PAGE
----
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The Answer to the Fix NICS Bill's Fatal Flaw

The opinions expressed by columnists are their own and do not necessarily represent the views of

The men and women of our armed forces put themselves at risk around the world every day so that we at home can enjoy the rights guaranteed by the United States Constitution. At a bare minimum we should honor their service by making sure they have the same rights we do when they return home.


Unfortunately some in Congress are working to pass legislation that would undermine our veterans’ due process rights.

The Fix NICS Act of 2017 has a laudable goal: to decrease gun violence by increasing state and federal agency participation in the National Instant Criminal Background Check System (NICS).

Mandated by the Brady Handgun Violence Prevention Act, NICS is a national database of people who are not allowed to purchase or possess firearms. The names on the list fall into one of nine categories listed under 18 U.S.C. § 922(g). For example, the law prohibits people from owning or possessing a gun if they have been “convicted in any court of a misdemeanor crime of domestic violence,” “discharged from the Armed Forces under dishonorable conditions,” or “convicted in any court of a crime punishable by imprisonment for a term exceeding one year.”

When a licensed firearm dealer wants to sell a gun to a customer, that dealer must first contact NICS to see if the buyer is on the list. If the buyer’s name is on the list, the dealer cannot sell a firearm to that buyer.

For the most part, the system works. Sometimes, unfortunately, it does not. In 2016, an Air Force veteran who was dishonorably discharged for a domestic violence conviction before a general court-martial attempted to buy a firearm from a federally licensed gun dealer. The dealer sent his name to NICS, and his name should have appeared in the system due to both his dishonorable discharge and his domestic violence conviction. However, the Air Force never sent this veteran’s name to NICS, so his name cleared the system and the dealer sold him the firearm.  


That convicted domestic abuser went on to kill 26 people in Sutherland Springs, Texas with that firearm in 2017. If the Air Force had forwarded the killer’s name to NICS, as it was required to do, then those 26 people might be alive today.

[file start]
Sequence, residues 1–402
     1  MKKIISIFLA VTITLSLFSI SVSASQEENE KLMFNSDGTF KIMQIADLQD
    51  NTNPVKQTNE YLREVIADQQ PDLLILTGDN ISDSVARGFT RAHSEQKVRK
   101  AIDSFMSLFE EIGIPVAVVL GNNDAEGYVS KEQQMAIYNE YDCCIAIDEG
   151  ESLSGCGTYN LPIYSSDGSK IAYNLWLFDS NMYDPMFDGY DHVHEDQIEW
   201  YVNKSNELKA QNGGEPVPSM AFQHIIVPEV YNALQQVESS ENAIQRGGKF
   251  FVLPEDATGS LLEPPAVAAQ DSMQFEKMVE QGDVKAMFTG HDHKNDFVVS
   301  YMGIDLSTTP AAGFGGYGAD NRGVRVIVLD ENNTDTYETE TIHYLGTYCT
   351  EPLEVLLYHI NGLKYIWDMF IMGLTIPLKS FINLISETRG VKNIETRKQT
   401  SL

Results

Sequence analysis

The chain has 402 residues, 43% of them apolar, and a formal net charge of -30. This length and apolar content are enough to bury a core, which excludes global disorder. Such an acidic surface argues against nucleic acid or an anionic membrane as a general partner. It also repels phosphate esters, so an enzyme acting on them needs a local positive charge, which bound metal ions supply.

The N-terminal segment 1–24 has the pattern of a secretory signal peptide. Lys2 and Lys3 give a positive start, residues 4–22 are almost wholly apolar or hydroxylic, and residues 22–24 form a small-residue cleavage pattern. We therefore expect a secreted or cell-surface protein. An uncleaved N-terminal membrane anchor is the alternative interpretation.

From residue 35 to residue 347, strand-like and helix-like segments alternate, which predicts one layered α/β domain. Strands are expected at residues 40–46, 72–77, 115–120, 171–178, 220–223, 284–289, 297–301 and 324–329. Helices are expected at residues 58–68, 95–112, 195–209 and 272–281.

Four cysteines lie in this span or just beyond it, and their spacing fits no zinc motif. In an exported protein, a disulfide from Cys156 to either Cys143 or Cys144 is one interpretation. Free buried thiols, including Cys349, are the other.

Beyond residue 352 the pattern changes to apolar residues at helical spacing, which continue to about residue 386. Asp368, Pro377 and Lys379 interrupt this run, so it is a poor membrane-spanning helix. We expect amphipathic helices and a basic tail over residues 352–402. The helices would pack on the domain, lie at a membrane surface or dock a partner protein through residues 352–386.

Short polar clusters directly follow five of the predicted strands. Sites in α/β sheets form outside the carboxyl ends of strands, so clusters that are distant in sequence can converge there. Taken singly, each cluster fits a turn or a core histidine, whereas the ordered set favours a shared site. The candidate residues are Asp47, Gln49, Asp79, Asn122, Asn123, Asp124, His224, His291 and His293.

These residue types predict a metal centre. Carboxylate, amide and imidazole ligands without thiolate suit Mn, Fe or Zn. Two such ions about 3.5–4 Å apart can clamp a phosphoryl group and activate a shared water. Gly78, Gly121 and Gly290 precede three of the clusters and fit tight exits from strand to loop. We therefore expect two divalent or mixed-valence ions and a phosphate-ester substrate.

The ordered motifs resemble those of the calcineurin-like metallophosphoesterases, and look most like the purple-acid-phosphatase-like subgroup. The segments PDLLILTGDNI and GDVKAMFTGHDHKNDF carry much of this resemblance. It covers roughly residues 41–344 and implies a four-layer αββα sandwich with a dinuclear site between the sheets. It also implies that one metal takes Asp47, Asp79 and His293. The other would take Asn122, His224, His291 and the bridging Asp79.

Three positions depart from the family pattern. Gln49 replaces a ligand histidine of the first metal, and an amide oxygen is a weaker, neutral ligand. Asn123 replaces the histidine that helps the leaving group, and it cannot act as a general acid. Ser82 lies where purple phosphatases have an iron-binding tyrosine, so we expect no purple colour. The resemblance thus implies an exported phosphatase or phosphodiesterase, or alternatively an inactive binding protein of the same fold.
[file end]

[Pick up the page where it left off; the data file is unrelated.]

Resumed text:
So we do need to fix NICS. But the current Fix NICS bill before the Senate has a fatal flaw that undermines the due process rights of our veterans.

Specifically, it allows federal agencies to continue to label veterans as “mental defectives,” thus stripping them of their right to possess firearms.

Of course, anyone who has been adjudicated by a judge as a potential danger to themselves or others should not be able to buy or possess a gun. But that is not what the Veterans Administration does to our veterans. Instead, the VA labels veterans who are unable to manage their benefits as “mentally defective” and sends their names to the FBI to be added to the list of people forbidden from owning firearms.

And this is not a rare occurrence. As of December 2016, the entire Executive Branch had sent more than 173,000 “mental defective” names to the NICS index. Of those 173,000 names, almost 168,000 came from the VA. That’s more than 97% of all federally generated records.

Our veterans should not have to worry that their civil rights will be violated if they seek help from the very federal agency that was designed to help them. And none of us should have to worry that convicted domestic abusers, or any of the other eight categories of people prohibited from possessing firearms, will go on a shooting spree.


Fortunately there is an easy fix to the Fix NICS bill. A single amendment requiring a judge to determine that a person is a danger to themselves or others, or meets similar criteria, before being labeled a “mental defective” would do the trick.

We are confident the Senate can make this change, thus better protecting us all.

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